Folic acid tablets are widely available from pharmacies and supermarkets or can be prescribed by your GP. Good sources of folate include oranges.000 mcg (5 mg) of folic acid is recommended for women who have previously had a baby with spina bifida. and for the first 12 weeks of your pregnancy. bananas. peas. It will also help prevent pregnancy-related tooth decay and gum infections. 8 . sprouts. as it’s difficult to get enough from your diet alone. broccoli. such as spina bifida. chickpeas. It is recommended that you take 400 micrograms (mcg) of folic acid daily before you become pregnant. This is to help reduce birth defects.Keeping healthy during your pregnancy Healthy eating A healthy diet will benefit you and ensure your baby has the best possible start. A higher dose of 5. and fortified breakfast cereals.

or you are a teenager. are on a low income. althy S He Should I be taking other vitamins and minerals too? During pregnancy. If you or your family receive income support. Speak to your midwife about how to get these. Caution – very high levels of vitamin A in the first few weeks of pregnancy have been shown to harm the development of some babies. For vitamin D. you will be eligible for free vitamins through Healthy Start. When you’re pregnant. income-based job seekers allowance. it’s also important to make sure that you get enough vitamin D and iron for strong bone growth in babies. 9 . Therefore avoid liver or cod liver oil and general multi-vitamins unless you are advised to do so by a health professional. For more information on foods to avoid.to Speak ife idw your m ut o ab tart. check any supplements you take carefully. child tax credit. look in ‘Eating well while you’re pregnant’ in Ready Steady Baby. this is best achieved by taking a daily 10 mcg vitamin D supplement.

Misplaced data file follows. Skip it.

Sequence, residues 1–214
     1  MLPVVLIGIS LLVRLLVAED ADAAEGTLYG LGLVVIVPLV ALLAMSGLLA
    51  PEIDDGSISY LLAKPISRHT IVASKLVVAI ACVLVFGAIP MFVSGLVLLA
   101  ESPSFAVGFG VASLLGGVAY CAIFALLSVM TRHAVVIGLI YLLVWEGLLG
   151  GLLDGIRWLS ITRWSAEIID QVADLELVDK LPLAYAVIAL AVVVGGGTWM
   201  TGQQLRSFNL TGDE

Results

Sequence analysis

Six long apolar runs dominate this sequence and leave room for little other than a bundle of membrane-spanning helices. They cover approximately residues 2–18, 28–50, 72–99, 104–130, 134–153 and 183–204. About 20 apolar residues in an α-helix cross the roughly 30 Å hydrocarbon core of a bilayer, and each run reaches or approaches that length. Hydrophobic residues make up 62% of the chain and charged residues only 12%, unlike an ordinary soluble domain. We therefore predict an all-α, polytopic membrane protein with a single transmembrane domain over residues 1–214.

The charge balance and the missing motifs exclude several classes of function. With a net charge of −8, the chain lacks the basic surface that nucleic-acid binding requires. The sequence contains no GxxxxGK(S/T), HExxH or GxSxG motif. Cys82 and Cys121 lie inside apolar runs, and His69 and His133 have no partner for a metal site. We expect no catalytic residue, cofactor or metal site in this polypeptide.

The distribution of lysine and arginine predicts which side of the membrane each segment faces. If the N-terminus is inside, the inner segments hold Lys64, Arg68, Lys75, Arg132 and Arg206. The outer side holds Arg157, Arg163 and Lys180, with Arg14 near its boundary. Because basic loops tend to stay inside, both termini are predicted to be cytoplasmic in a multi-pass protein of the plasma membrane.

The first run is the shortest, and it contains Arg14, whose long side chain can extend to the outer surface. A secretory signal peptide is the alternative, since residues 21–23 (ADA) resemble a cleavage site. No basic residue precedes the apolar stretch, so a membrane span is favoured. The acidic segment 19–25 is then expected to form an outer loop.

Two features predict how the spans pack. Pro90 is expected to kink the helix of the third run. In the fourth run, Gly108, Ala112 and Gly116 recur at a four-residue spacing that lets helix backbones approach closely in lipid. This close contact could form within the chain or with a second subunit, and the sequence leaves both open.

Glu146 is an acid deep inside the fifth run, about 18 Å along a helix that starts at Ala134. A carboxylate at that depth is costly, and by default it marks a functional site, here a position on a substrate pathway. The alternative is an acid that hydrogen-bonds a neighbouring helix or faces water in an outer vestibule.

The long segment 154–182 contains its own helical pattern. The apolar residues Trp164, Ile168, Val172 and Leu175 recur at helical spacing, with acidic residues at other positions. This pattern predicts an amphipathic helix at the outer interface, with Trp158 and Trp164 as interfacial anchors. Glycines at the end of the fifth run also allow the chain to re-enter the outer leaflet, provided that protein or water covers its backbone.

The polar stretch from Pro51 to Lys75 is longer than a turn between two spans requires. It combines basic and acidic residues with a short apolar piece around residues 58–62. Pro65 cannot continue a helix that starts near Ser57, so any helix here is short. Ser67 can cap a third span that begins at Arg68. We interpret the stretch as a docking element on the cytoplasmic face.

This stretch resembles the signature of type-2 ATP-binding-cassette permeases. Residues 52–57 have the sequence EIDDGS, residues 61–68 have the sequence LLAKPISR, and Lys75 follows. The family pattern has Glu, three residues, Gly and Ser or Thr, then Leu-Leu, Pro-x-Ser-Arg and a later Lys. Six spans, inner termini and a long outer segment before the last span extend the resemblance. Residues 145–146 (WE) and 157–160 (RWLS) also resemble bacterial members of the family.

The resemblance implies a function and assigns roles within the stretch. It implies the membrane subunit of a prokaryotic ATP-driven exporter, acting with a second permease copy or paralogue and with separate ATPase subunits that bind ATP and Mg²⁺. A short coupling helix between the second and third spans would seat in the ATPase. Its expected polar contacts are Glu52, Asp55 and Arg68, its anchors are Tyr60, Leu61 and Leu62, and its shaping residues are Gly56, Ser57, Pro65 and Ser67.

drinking alcohol or taking drugs. It’s important to talk to your midwife about all of these issues so she can support you with any changes you want to make.com or call 0800 84 84 84 or talk to your midwife. and into childhood stopping smoking will reduce your risk of miscarriage. From the evidence we know that: • • • • if you or someone in your household smokes.canstopsmoking.Smoking. including thinking about stopping smoking. drinking and drug use Often. after your baby is born. and most areas will provide specialist support to make the process easier. stillbirth and your baby being born prematurely any alcohol you drink will reach your baby and may cause harm any recreational or street drugs you take may affect your baby’s development. 10 . For further information about stop smoking services visit www. gives you the chance to think about your health. this will affect your baby’s health and development during pregnancy. being pregnant.